If you plan to do any commercial scoring work, or just want to add synchronized audio to your video projects, make sure you can export video, as well as audio. DAWs like Digital Performer, and Logic Pro X offer some dedicated film scoring features, which might be very helpful if you’ll be working with video a lot.
Surprisingly, one of the least expensive DAWs, the Windows-only Acoustica MixCraft offers video editing features as part of its video support.
Customizable Key Commands: All DAWs let you use keyboard shortcuts to navigate their GUIs, but in some, these shortcuts are fixed, and not user customizable. In others, there’s a default set of key commands, but you can change them and even import key commands from other DAWs. This isn’t a make or break issue, but it’s a nice convenience to be able to edit your key commands.
Clip Launching: Ableton Live’s toolset is particularly tailored to electronic musical styles, and one of its most important features in that regard is the ability to launch clips in its Session View. Live lets you line up a group of loops or clips in a track (or tracks), and set them to loop or play in consecutive order and more. When you’re composing and producing loop-based music, these capabilities can be extremely useful. Sonar X3 offers similar features in its Matrix View, and Bitwig Studio also offers deep clip launching features.
Pitch and Time Correction/Detection: Much modern pop music is heavily pitch and time corrected, and many DAWs offer built-in facilities to apply such processing to your music. Many DAWs have either a pitch correction system built in, such as the Melodyne technology mentioned previously, or proprietary systems such as found in Digital Performer. Others, like Logic Pro X, have pitch correction plug-ins you can apply.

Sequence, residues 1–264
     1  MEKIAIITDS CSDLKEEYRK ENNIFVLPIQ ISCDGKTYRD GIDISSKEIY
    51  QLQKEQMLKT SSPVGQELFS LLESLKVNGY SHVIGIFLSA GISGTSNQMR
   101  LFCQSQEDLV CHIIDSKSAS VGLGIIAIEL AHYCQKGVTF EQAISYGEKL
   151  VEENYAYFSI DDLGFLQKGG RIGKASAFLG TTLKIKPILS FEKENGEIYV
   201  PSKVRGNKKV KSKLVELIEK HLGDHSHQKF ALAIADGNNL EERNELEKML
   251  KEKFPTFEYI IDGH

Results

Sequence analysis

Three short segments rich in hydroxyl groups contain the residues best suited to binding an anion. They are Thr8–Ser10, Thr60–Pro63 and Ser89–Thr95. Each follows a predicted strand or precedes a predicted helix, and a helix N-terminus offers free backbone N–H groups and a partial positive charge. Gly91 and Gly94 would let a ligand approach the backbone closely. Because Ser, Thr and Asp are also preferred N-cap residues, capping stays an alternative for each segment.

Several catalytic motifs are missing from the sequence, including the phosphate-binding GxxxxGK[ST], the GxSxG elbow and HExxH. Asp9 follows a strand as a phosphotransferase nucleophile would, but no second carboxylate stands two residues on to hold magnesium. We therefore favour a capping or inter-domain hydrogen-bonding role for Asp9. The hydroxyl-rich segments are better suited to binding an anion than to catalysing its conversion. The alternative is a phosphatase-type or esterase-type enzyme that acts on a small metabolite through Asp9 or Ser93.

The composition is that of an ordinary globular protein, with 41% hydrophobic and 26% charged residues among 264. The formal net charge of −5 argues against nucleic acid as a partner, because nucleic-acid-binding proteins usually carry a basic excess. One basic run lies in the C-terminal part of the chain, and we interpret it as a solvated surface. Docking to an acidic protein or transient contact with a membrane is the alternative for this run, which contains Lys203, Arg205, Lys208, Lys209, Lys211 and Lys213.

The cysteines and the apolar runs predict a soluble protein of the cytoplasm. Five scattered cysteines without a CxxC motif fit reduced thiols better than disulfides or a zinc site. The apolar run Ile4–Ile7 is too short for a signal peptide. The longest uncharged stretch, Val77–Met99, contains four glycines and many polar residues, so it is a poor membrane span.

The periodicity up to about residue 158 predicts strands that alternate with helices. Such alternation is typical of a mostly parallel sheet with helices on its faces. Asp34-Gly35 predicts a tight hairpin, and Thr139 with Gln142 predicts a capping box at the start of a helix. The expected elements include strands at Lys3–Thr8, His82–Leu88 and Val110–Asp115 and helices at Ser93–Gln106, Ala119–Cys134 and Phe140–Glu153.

Time correction, which is sometimes referred to as “beat detection, ” lets you apply quantization to your audio, so that it conforms to the grid, just like you’d do with MIDI. Again, facilities vary, but most DAWs have some sort of time correction facility. Pro Tools offers two different forms of time correction: Beat Detective lets you slice up your audio based on detected beats and then quantize the slices. Elastic Time allows you to directly quantize the audio and conform it to a changed tempo, without any pre-slicing required. If you plan to record live instruments and you’re doing pop music, you’ll likely want time correction of some sort built in to your DAW.
Try before you buy
The DAW field has gotten so competitive that many of the manufacturers allow you to download and demo their software for a certain length of time (typically 30 days), often in a fully functional version. For example, you can get Ableton Suite 9 for 30 days; Studio One 2 for 30 days, Tracktion 5 for an unlimited time but with periodic white noise added to your audio, Mixcraft 7 for 14 days, Digital Performer 8 for 30 days, Sonar X3 for 30 days, and Reaper 4 for 60 days.
So if you’re buying your first DAW or thinking of changing DAWs, most likely you’ll be able to download and try out your prospective DAW before buying. If you’ve never used a particular DAW, trying it out it very helpful for exploring its features and seeing how you like its workflow and vibe. It’s also a lot easier to judge features like included plug-ins, if you get to try them out first.
Read part 1 of this series here.